Thu. May 30th, 2024

Alaska Dems Strive to Hang onto House Seat in the Wild State

Emily Hudson By Emily Hudson May18,2024

Democrats are bracing for a tough fight in Alaska, where Rep. Mary Peltola (D) is seeking to win reelection after a surprise midterm victory in 2022 turned a House seat that had been held by a Republican for five decades blue.

Peltola became the first Native Alaskan to serve in Congress and has positioned herself as a moderate focused on state-specific issues for her constituents.

But she may face a more difficult reelection race in November if former President Trump, the presumptive GOP nominee, is on the ballot and brings GOP voters to the polls.

“Having Trump at the top of the ballot and [President] Biden at the top of the ballot is going to have impacts on turnout among Democrats and Republicans,” said strategist Robert Dillon, who previously worked for Sen. Lisa Murkowski (R-Alaska). 

“I expect to have Republicans turn out strongly for Trump. The farther-right Republicans, you could have more people turn out because Trump’s on the ballot than would turn out in the past to vote Republican. They’re probably going to vote for straight ticket,” he said.

Alaska has had only had one at-large representative in the House for the entire state since it joined the union in 1959. Before Peltola’s election, the state nicknamed the “Last Frontier” had not been represented by a Democrat in the House since 1972, when then-Rep. Nick Begich (D) was presumed dead in a plane crash.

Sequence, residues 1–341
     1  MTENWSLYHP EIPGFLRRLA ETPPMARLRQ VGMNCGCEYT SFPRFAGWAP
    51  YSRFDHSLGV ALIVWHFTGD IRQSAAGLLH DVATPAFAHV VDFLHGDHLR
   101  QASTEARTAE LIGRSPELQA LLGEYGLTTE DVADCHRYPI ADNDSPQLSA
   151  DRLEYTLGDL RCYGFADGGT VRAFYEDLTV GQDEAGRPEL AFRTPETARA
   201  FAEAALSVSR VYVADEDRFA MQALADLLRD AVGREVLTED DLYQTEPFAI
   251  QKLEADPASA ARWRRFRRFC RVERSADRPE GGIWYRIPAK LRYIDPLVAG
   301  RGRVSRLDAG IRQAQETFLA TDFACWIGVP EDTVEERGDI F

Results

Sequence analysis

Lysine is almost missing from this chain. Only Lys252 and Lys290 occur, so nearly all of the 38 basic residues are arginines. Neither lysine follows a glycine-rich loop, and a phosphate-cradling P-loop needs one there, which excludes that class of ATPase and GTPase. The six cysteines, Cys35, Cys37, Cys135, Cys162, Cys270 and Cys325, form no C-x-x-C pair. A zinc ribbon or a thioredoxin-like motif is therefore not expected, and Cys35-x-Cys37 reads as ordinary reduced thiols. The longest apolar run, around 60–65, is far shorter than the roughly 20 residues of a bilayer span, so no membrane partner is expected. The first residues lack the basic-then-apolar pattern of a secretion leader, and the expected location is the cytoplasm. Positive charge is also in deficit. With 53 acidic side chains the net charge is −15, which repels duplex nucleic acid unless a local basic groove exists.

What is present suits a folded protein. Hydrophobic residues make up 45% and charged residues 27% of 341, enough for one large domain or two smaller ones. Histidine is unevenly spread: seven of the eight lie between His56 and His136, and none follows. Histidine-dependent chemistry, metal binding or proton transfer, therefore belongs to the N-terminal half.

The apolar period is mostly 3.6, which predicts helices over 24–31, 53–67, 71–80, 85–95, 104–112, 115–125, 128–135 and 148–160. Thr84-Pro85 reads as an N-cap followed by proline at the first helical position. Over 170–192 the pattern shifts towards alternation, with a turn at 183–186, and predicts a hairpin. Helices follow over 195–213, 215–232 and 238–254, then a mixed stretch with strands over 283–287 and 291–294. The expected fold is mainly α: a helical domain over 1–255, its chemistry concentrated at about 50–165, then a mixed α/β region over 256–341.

The late Rep. Don Young (R) narrowly won a special election to succeed him the next year, and he held the seat for nearly 50 years. He served until he died in March 2022, triggering another special election. 

Peltola, previously a member of the Alaska state House, prevailed in that race, which was the first time Alaska used a ranked-choice voting system that voters narrowly approved in 2020. She also won in the general election that November, giving her a full term in office. 

Peltola defeated former Alaska Gov. Sarah Palin, who was the GOP vice presidential nominee in 2008, and businessman Nick Begich III, the grandson of the former representative, in both the special and general election. This year, her main opponents will be Begich and Lt. Gov. Nancy Dahlstrom (R). 

Alaska has been a reliably red state at the presidential level and has not elected a Democratic governor since the 1990s, but more than half of all voters are not registered with one political party. With ranked-choice voting, candidates’ goal is to build a broader source of support, including from voters who prefer another candidate. 

“The system is designed to support candidates that can build the broadest possible coalition. So a candidate that can expand their appeal beyond just their hardcore base is likely to do better under this system because there’s an opportunity to get second votes,” said Dillon, who was involved in advocating for the ranked-choice ballot measure in 2020.